Letter: Do votes matter in Vermont?


Editor of the Reformer,

I recently thought of an ad campaign I am thinking of pitching to the state: COME MOVE TO BEAUTIFUL VERMONT—WHERE YOUR VOTE on local issues DOESN'T count!

The state has recently (started in June) begun a campaign to get young, "E-Workers" who can work at their job via the internet to move to Vermont by offering a $10,000 dollar incentive to do so! Unfortunately, one of the key things that has been attractive about living in VT is being undermined. I believe that what will really attract young people to Vermont (besides the obvious natural beauty) is that the ideals Vermont has always held dear are now becoming more desirable by many young people. There is in the larger culture a recognition of the importance of strong, local communities. This is especially true as it relates to the local food movement, which Vermont has been a national leader in. But this also applies to the desire of many young people (in this age of Trump) to have a voice in their governance — and of course in how their children are educated. Strong local governance has been a hallmark of the Vermont way of life and is one of the reasons many of us have found it a desirable place to live and work. The state is really shooting itself in the foot by thinking that imposing mergers on school districts that have voted overwhelmingly against them is somehow in its best interest!

While election issues, voter suppression, and gerrymandering are all issues of national concern, currently we seem to have a unique voting issue at play here in Vermont which is having voting that does not count for anything! As you are all well aware, in November, there was a vote on the merger proposal for Act 46. Votes were held in all merger proposed towns of Putney, Guilford, Brattleboro, and Dummerston. The merger proposal was defeated not in one town (which is all that was needed for it not to be approved) but in all four towns! And it was not defeated narrowly, but by what would be called a landslide in any election. Very close to 70 percent of voters in Putney and Brattleboro voted it down, over 60 percent in Guilford and over 80 percent in Dummerston!

What did the study committee that put together the merger proposal do with the outcome of this landslide vote? The committee ignored it. They sent the merger proposal that had been roundly rejected by their constituents to the state for approval! It is not simply the gall that took that disturbs me, but actually the paucity of thought, and the shortsightedness of it. One has to wonder what level of defeat of the proposal would have prompted them to act in accord with the wishes of their voters? If each town had hit the over 80 percent mark that Dummerston had, would that have been enough? Or maybe each town voting at 95 percent to defeat the proposal would have made the will of the electorate count for something? Or maybe not? Who knows? What we do know is that we should all be concerned and elected officials in particular when a small un-elected body decides that they know better than their constituents what is good for them!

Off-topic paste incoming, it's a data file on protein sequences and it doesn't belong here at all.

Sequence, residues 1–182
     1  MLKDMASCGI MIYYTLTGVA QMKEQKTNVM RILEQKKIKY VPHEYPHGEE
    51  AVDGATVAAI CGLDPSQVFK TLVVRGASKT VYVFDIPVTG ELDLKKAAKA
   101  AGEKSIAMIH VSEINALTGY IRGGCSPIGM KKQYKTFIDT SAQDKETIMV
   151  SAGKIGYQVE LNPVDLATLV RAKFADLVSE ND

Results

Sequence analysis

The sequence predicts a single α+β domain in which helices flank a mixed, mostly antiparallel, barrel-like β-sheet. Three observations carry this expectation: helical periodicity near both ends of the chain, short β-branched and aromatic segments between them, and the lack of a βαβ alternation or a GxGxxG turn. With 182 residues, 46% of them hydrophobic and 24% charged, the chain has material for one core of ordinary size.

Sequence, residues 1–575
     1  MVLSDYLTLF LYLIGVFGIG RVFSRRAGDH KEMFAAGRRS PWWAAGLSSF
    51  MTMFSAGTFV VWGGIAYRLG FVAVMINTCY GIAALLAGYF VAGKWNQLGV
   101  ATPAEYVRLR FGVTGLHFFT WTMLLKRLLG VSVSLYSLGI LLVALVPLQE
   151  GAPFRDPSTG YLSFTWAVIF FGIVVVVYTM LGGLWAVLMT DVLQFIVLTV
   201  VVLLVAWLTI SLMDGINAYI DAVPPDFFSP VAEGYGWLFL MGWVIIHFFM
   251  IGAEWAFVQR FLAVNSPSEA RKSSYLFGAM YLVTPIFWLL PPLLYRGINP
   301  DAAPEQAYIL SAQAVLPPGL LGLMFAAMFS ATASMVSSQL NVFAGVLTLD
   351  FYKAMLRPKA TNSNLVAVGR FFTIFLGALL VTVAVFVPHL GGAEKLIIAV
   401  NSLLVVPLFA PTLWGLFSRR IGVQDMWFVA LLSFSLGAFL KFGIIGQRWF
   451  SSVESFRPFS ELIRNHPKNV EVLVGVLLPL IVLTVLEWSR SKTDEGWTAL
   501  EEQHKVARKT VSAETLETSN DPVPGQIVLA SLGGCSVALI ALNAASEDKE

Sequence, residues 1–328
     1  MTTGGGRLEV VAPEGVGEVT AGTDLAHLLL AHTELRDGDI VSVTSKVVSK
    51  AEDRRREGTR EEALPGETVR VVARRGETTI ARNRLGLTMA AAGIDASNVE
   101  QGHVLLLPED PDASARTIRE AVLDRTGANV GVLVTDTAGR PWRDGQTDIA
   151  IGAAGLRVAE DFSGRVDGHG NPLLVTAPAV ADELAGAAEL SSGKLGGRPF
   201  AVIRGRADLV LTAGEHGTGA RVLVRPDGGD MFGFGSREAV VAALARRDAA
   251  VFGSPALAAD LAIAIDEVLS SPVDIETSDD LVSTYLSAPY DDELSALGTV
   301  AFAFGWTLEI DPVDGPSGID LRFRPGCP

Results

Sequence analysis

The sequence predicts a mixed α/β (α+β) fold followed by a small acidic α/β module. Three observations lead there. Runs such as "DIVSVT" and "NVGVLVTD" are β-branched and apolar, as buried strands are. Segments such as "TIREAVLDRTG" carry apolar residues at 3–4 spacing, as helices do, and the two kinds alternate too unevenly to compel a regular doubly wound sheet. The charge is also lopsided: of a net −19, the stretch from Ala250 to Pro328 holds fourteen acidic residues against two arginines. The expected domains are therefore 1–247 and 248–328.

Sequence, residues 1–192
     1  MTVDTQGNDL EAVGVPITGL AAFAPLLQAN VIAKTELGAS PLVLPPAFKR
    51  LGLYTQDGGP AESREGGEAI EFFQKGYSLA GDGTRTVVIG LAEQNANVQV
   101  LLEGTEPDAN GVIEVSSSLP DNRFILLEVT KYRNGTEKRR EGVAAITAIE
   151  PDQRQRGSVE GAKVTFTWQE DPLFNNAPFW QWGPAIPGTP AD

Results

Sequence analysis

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How about we have elections for local offices, but if, say, the select board of the town does not like the outcome they decide they really know much better than the voters who should have won — and work to install this "much better candidate?"

It should not need to be said, but obviously this issue of election results actually mattering is really of critical importance for our democracy. At this point it supersedes my concern about the merger. And I think that people on both sides of the merger issue need to be alarmed. For who knows — it could have gone the other way, maybe a small group of anti-merger people could have been in charge of the recommendation to the state and the vote went pro merger — but hey, "we know better." I am sure you will agree — this is a dangerous road to go down!

Act 46 as it was written — and amended by Act 49, clearly had provisions for what is called an Alternate Governance Structure — an AGS has been well thought out and proposed for the district. We have several key legislators who are in favor of this alternative, including Mike Mrowicki — who has studied this issue extensively and feels it is the smarter way to meet the requirements of Act 46. We are in no way unique in our state in rejecting merger proposals —o ver 90 other school districts chose not to merge as well. The state Board of Education has conducted several forums for eliciting citizen input, the last of which is in our southern area and is being held in Chester on Sept. 19. I urge everyone concerned about our schools — and our democracy — to come!

Elan Moses

Putney, Sept. 12


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